In the beginning there were eco-jobs, then jobs with a low carbon dioxide content, and finally green jobs. Now circular jobs have also appeared, explicitly referencing the circular economy dynamics. The world of employment has in fact suffered – and has continued to do so over the last two decades – a radical transformation connected to technological and digital innovation on the one side and a heightened environmental sensitivity on the other. 

Green jobs must also be decent, adequately paid, inclusive and free from gender disparities, in accordance with the premise of the Brundtland Report, which states that there can be no environmental justice without social justice. It is not enough to be a solar panel manufacturer, an expert in the reuse of materials or a good gardener-landscaper; if that same industry exploits workers or doesn’t offer equal career opportunities for both sexes.

This is why Unioncamere and the Agency for Active Job Policies (ANPAL) have set up parameters (using the Excelsior I.T. system) for the collection of data regarding green economy and the need for green jobs in Italy, detecting the degree of sustainability of products or final services, as well as the actual transformation of processes, including the recyclability and reusability of materials, energy efficiency and so on.

Furthermore, Excelsior has shown that the job market is ever more oriented towards green jobs and that the professional categories that offer the greatest economic-contractual stability are found within green and circular economies.

According to what was shown by the 2017 “Green Competences” publication, the attitude towards saving energy and environmental sustainability was the primary competence requested by companies after so-called soft skills. In other words, Italian companies give more importance to sustainable and environmental aptitude rather than written and oral communication skills in Italian or other languages. For 76.8%, 3,143,190 out of the 4,092,500 entries forecast in the employment market, green competences are considered necessary in order to carry out one’s profession, and for 36.8%, the equivalent of 1,506,690 units, the degree of importance of this skill is considered in the medium-high range. 

The element that clearly justifies this positioning is the great success of financial instruments for energy efficiency and more generally building renovations, which is the industry that received the greatest benefits. According to the Symbola-Cresme data, the volume of investments in renovations activated by incentives in 2016 was equal to 28 billion, i.e. 16% of the whole construction output and 56.9% of all the residential construction operations.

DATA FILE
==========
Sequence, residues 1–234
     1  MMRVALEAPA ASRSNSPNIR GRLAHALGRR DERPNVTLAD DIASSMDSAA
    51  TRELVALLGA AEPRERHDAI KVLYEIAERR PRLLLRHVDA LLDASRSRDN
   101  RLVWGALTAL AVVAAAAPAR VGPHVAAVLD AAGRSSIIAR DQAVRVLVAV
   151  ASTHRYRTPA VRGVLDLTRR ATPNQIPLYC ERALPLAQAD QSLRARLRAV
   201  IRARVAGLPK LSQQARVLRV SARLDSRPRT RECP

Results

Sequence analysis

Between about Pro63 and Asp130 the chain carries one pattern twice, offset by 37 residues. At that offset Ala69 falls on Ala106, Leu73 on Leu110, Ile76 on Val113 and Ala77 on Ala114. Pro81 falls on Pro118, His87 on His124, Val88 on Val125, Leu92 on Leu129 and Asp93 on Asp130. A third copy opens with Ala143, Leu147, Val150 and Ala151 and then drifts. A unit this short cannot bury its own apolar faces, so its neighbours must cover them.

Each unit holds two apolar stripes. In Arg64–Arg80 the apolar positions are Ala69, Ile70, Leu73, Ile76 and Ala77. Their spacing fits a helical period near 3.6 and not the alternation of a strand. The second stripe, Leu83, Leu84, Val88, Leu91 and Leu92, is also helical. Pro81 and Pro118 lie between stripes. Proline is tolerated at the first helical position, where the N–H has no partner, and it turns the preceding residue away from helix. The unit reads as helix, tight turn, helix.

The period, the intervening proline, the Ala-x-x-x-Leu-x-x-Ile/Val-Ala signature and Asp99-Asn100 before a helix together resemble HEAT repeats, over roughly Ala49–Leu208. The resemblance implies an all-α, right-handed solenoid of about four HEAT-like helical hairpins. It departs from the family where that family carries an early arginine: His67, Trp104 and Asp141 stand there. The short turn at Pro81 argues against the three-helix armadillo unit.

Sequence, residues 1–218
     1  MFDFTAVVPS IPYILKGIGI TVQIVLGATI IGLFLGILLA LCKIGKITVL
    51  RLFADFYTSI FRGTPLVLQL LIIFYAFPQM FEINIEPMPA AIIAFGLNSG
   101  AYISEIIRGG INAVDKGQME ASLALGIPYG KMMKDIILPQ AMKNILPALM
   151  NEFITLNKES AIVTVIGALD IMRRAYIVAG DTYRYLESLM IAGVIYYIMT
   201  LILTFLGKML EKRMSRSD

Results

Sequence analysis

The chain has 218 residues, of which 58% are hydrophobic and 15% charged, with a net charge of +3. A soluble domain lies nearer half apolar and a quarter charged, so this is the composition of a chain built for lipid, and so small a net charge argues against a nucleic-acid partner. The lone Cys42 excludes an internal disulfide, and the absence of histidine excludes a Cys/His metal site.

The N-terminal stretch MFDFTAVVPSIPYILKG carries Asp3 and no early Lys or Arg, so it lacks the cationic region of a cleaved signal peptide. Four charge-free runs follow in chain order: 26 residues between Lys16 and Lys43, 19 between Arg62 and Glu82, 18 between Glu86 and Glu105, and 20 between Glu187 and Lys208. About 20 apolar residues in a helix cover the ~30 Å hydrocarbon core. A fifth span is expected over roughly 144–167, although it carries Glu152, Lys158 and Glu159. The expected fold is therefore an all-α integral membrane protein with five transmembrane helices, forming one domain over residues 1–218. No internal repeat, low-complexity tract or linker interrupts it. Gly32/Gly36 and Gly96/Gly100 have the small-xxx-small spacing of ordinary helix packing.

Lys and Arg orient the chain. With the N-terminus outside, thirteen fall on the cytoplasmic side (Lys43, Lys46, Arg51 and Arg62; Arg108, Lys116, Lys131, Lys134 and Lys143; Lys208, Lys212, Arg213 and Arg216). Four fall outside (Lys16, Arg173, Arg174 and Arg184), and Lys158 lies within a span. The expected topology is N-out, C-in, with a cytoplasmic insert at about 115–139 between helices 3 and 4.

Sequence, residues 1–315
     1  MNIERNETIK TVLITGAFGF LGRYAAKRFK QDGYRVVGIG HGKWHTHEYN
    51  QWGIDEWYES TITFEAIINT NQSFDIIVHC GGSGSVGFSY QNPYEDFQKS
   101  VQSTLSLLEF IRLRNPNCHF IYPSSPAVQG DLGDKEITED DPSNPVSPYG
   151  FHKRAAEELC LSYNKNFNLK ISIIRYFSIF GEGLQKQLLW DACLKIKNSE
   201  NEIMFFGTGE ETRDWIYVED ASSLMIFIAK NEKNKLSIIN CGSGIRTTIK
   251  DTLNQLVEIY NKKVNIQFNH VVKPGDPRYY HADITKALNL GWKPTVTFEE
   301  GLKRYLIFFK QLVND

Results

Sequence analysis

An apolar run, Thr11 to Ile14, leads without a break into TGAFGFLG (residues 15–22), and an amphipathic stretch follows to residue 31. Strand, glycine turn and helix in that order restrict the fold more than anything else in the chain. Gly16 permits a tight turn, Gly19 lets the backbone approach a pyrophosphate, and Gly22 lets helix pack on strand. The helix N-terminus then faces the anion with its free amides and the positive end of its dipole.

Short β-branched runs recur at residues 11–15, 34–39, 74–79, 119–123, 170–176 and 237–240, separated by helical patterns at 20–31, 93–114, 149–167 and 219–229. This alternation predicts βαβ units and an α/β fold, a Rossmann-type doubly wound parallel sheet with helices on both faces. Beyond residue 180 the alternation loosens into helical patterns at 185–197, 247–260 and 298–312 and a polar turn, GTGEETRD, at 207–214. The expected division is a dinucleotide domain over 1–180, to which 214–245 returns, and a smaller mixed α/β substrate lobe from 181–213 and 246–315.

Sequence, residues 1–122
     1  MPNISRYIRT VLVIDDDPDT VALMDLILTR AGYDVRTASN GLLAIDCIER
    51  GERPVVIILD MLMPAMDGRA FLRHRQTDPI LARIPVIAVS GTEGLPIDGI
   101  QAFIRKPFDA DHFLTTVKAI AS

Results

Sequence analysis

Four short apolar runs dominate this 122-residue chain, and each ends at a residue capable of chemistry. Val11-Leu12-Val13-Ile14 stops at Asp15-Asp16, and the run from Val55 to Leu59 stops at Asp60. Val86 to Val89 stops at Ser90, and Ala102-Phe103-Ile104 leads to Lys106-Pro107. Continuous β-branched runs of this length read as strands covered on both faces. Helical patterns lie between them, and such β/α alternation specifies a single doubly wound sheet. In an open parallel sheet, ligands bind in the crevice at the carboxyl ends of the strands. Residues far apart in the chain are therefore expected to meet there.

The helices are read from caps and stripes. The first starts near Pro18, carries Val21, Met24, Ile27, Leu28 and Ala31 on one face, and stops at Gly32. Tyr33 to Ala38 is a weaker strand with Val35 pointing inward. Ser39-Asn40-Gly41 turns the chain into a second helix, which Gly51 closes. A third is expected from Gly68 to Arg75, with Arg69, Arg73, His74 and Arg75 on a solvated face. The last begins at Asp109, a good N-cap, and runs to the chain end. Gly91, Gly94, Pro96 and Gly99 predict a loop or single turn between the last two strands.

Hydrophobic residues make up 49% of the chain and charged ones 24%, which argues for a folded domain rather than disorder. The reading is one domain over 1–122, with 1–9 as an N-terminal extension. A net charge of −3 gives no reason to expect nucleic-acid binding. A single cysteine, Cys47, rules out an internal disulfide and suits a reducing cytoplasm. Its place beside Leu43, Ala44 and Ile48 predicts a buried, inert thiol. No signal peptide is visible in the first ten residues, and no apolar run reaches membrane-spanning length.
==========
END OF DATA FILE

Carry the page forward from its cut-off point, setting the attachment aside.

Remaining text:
The 2017 IPSOS investigation on employment, shows that 84% of Italians give great importance to energy efficiency in buildings (it is “very important” for 43% and “important” for 41%); this research highlights that 76% of Italians are aware of the eco-bonus, and 15% state they have used it. 

This shows us that the market is particularly active, and is significant due to the clear advantages provided by energy efficiency, and, more generally, the focus on sustainability it brings for individuals, companies and public administrations.

These scenarios show us why green competences are so prevalent among the skills of future employees. And if we observe the data on entries in the job market that require “aptitude towards energy saving and sustainability” for professional groups, the ones with the strongest environmental vocation express – percentage wise – greater demands: 82.5% for technical professions and 79.9%, for specialised operators. 

The data from the Greenitaly Report shows that the propensity of companies to invest on the environment increased rapidly in 2017: in fact, 209,000 companies focused, or will focus, on sustainability and efficiency, with a quota on the total (15,9%) that has overtaken the levels registered in 2011 (14.3%) by 1.6 percentage points. 

Education towards sustainability and circular economy principles are required by unexpected sectors now more than ever. For example, the medium-high interest from the category that includes pre-primary school teachers (45.6%), primary school teachers (54.5%), entertainment officers and assimilated professions (56%) as well as child surveillance officers (61.2%) is going in this direction.

Why are teachers required to have an aptitude for sustainability? The immediate answer given by the data is that a – general and transversal – cultural shift in the perception of these skills has taken place.

If the search for workers who possess skills that are specifically pertinent to this field appears to be a logical and inevitable consequence of the activation of a market for energy efficiency or the circularity of material flows, the percentages regarding the search for green professionals in all areas is what has truly changed: 78.1% for commercial professions and services, 78% for intellectual and scientific professions, 78% for clerks, 76.8% for managers and 75.8% for plant and machinery operators. 

Green competences have practically become a personal orientation and a cultural inclination, rather than than being a specific skill.

A sort of link between “soft” and “hard” skills: between what is transversal, and therefore appropriate for all professions, and what pertains to more specific occupations.  



Unioncamere, Anpal, Le competenze